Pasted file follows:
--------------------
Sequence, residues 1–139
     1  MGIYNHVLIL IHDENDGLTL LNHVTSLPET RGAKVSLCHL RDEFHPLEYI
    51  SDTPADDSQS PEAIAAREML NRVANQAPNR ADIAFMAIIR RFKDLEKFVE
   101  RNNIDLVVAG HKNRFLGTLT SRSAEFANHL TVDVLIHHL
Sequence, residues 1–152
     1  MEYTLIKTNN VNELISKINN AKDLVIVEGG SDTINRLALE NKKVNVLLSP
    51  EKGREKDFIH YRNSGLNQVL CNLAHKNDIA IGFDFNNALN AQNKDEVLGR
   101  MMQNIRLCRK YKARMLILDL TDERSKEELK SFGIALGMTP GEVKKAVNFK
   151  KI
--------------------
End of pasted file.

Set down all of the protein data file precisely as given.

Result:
Sequence, residues 1–139
     1  MGIYNHVLIL IHDENDGLTL LNHVTSLPET RGAKVSLCHL RDEFHPLEYI
    51  SDTPADDSQS PEAIAAREML NRVANQAPNR ADIAFMAIIR RFKDLEKFVE
   101  RNNIDLVVAG HKNRFLGTLT SRSAEFANHL TVDVLIHHL
Sequence, residues 1–152
     1  MEYTLIKTNN VNELISKINN AKDLVIVEGG SDTINRLALE NKKVNVLLSP
    51  EKGREKDFIH YRNSGLNQVL CNLAHKNDIA IGFDFNNALN AQNKDEVLGR
   101  MMQNIRLCRK YKARMLILDL TDERSKEELK SFGIALGMTP GEVKKAVNFK
   151  KI